Many’s a time when I have said at parents’ evening something along the lines of “Alex is a fantastic student, he always behaves brilliantly, he works hard, and has a great attitude, thank you. His test results reflect this hard work/ his test results will improve if he keeps up this good attitude.”
Saying that, now I am going to posit that when discussing results of tests, this is not what I should be doing as a teacher, and further, it has no place in the role of teacher discourse about test results in general.
Back to parents’ evening and along similar lines, I have said things to the effect of “Zoe has a terrible attitude towards maths, does not try, and this is why she has not met her targets.”
Inherent to discussions about a student’s education is reference to results in tests. I think tests are a good thing. Indeed, I have argued that teaching without assessment is not actually teaching.
My two examples demonstrate me using the way a student presents themselves in class as a proxy for discussing their test results. Looking back at my schooling, comments made by teachers about me fell broadly into four similar categories, I think these reflect reasonably the positioning of many if not most comments by teachers about students in relation to their test results:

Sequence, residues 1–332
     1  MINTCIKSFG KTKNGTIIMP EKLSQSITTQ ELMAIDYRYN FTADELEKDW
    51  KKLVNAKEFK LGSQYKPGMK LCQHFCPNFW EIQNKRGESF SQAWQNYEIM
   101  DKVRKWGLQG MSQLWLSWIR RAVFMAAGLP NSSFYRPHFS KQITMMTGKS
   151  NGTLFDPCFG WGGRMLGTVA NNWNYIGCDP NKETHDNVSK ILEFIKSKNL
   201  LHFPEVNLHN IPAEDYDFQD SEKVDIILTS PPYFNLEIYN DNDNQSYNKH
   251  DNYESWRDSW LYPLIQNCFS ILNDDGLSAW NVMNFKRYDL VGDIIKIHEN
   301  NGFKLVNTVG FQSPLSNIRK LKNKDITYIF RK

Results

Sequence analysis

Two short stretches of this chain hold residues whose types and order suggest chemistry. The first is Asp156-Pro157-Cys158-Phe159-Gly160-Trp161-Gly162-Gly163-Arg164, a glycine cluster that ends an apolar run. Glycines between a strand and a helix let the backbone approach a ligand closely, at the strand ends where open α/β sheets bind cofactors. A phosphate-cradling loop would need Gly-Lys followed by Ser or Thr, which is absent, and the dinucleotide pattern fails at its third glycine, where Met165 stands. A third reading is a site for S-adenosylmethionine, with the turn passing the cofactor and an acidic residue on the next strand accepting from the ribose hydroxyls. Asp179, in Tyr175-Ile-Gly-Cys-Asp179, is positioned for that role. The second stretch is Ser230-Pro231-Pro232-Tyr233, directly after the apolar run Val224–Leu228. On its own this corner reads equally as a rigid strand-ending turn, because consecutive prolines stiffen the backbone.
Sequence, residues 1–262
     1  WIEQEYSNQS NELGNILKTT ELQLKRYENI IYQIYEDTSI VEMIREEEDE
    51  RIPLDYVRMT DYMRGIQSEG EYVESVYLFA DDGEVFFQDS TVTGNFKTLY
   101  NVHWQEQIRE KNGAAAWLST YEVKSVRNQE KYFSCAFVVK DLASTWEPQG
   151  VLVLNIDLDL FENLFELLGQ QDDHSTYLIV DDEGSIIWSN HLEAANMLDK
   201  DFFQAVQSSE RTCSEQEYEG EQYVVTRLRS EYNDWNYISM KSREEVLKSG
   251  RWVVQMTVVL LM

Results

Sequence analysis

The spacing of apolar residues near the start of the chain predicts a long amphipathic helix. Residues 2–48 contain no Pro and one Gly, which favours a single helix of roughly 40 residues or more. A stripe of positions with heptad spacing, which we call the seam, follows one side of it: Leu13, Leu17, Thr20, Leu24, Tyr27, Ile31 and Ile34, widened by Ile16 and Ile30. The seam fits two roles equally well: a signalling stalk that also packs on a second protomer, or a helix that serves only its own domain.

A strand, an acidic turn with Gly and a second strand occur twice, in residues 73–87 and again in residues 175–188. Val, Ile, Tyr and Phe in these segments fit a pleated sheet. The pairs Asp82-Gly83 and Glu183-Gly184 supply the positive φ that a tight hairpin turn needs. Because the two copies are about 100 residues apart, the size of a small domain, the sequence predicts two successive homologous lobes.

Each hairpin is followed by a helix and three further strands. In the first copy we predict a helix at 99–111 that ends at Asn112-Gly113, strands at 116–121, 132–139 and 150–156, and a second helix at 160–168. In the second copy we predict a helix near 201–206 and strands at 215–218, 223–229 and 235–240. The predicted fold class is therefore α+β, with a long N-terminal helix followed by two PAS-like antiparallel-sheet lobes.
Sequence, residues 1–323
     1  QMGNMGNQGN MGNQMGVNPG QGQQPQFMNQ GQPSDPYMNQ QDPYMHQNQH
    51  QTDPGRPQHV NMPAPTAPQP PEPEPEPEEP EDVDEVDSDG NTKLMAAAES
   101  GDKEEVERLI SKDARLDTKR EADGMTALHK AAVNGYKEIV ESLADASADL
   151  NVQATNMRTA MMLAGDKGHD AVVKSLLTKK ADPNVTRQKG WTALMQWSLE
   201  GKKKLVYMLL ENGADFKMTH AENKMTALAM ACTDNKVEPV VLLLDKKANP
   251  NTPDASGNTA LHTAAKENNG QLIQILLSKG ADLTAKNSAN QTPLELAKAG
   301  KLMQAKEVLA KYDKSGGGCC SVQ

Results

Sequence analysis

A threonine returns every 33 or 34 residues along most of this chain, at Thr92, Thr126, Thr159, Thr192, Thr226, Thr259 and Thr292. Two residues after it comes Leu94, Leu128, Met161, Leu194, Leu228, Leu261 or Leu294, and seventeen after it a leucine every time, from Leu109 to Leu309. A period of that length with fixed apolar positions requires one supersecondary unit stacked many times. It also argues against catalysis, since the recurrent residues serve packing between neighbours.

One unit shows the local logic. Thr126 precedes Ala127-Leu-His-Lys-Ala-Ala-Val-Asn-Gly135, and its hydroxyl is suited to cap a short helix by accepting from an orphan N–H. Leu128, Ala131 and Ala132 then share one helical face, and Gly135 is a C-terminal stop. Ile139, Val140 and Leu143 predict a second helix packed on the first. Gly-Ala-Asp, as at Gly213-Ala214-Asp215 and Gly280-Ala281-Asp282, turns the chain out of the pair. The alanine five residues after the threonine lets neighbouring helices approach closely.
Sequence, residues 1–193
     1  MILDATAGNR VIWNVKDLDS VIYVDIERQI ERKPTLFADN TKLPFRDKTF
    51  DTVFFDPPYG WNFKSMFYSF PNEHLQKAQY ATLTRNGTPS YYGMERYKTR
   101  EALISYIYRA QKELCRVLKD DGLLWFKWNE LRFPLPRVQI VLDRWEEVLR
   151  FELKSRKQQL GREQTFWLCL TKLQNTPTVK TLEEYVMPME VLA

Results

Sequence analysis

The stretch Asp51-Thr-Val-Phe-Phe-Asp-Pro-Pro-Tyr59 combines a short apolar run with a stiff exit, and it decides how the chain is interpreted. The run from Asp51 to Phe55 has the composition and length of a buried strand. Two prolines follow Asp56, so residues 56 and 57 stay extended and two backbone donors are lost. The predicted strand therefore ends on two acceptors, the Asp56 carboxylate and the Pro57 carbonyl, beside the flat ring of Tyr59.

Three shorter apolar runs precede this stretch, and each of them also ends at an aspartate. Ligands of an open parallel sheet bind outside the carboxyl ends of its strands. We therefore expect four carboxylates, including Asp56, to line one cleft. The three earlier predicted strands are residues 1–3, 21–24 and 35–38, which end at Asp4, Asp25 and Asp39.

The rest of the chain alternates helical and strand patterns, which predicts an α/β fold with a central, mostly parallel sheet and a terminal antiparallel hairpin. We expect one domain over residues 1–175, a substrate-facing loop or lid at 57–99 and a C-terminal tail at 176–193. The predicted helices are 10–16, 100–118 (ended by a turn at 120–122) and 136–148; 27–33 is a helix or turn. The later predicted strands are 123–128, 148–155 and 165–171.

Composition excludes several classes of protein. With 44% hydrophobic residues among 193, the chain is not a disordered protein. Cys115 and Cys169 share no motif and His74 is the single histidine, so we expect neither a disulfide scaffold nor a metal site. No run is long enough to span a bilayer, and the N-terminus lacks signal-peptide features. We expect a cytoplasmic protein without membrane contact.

- Rufus has done well and is clever;
- Rufus has done well but has a bad attitude and does the bare minimum in class;
- Rufus has not done well, and this is because he has a bad attitude and does the bare minimum in class.
- Rufus has not done well and this is because he has no aptitude in this subject.
My argument is that when results of these tests are conflated with subjective opinions about students, in both their complimentary and pejorative forms, this is deleterious in the education process, and should have no place in it. I will represent my views of these insidious conflations in the following schema:
My alternative solution to this is to be clear about the role of the teacher in communicating test results and their meaning. This can be summed up in 3 points:
- Based on this test, this is what the student does and doesn’t know;
- This is where their test score places them relative to a national average of their peers;
- This is how they can improve, so they perform better on the next test.
My new schema would look like this: